Acts 16:9-16 - The Church in Philippi is Born
16:9During the night Paul had a vision: there stood a man of Macedonia pleading with him and saying, “Come over to Macedonia and help us.”10When he had seen the vision, we immediately tried to cross over to Macedonia, being convinced that God had called us to proclaim the good news to them. 11We set sail from Troas and took a straight course to Samothrace, the following day to Neapolis, 12and from there to Philippi, which is a leading city of the district of Macedonia and a Roman colony. We remained in this city for some days. 13On the sabbath day we went outside the gate by the river, where we supposed there was a place of prayer; and we sat down and spoke to the women who had gathered there. 14A certain woman named Lydia, a worshiper of God, was listening to us; she was from the city of Thyatira and a dealer in purple cloth. The Lord opened her heart to listen eagerly to what was said by Paul. 15When she and her household were baptized, she urged us, saying, “If you have judged me to be faithful to the Lord, come and stay at my home.” And she prevailed upon us.
The Acts of the Apostles: This book is the sequel to the Gospel of Luke. In it, Luke describes in granular detail the life of the early Christian movement. The stories describe a community of people transformed and empowered by their personal and corporate experiences of the risen Christ. Acts was probably written in the generation immediately following the fall of Jerusalem, the middle period of New Testament history. It is generally thought to have been written around 85 A.D. which would have been about 50 years after Jesus’ ministry. The book is concerned with the powerful work of the Holy Spirit in the human heart and in human community. The author understands the work of the Spirit in human life as the continuation and fulfillment of salvation history. Jesus work in the world continues as believers faithfully share the Gospel and, in a real sense, become the Gospel.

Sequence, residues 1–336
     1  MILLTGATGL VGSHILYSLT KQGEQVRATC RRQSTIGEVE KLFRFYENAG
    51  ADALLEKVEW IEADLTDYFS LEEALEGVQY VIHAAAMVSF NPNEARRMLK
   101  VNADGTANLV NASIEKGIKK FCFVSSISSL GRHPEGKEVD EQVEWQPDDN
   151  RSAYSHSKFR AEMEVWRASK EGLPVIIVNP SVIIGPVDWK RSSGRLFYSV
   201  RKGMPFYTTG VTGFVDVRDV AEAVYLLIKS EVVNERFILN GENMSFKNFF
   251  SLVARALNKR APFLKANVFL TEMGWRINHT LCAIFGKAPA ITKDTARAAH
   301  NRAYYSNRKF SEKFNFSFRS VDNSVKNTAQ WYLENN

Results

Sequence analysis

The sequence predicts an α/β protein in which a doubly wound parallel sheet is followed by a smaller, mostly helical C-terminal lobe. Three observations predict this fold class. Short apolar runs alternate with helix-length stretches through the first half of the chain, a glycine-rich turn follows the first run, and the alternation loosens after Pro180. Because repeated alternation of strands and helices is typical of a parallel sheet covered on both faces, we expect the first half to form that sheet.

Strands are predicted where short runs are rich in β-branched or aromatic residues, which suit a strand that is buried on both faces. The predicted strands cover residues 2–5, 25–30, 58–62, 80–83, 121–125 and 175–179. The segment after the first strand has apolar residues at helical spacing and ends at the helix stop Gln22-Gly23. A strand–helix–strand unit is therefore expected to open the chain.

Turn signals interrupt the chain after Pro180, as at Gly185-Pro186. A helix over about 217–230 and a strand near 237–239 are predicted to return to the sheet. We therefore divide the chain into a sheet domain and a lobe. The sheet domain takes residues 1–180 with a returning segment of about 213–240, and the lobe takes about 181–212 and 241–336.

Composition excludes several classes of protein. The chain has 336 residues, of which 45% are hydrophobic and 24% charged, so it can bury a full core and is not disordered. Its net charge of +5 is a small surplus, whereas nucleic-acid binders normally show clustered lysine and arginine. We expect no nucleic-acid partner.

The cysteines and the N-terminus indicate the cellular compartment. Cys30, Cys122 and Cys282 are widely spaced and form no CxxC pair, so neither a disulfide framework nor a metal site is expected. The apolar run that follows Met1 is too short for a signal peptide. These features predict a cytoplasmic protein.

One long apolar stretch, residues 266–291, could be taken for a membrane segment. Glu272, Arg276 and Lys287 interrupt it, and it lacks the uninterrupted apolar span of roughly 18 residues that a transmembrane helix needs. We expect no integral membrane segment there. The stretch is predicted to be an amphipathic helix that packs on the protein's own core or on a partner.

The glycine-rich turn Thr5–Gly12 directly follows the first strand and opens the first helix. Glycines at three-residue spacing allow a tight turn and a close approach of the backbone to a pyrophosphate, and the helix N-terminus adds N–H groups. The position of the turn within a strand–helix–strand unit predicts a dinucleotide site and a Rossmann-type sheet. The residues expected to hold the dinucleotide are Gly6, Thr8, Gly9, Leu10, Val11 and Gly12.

Philippi: Philippi was a Roman colony in the Greek province of Macedonia. Located about 8 miles from the Mediterranean Sea, Philippi was a center of agriculture known for its fresh water springs and gold mines. The city was founded in 360 B. C. by King Philip of Macedonia to mine gold to finance his army. King Philip was the father of Alexander the Great. The town was located on a strategic road between Rome and Byzantium and was the site of the famous battle between Anthony and Octavian on the one side, and Brutus and Casius on the other. Anthony and Octavian won, then eventually turned on each other. Octavian finally emerged the victor and became Caesar Augustus. Philippi was a military town and, in some ways, more Roman than Rome. Its citizens were considered citizens of Rome with all the rights and privileges. There were many religious influences in the area, and most were tolerated unless they became too missionary and threatened the cult of the Emperor. Jews were not welcome in Philippi, and few lived there. When Paul and Silas arrived on the field, it was their custom to go first to the synagogue. It takes 10 Jewish males to establish a synagogue and there was no synagogue in Philippi. A few Jewish women and other seekers gathered by the river to worship. It was there, with Lydia, that Paul made his first European converts.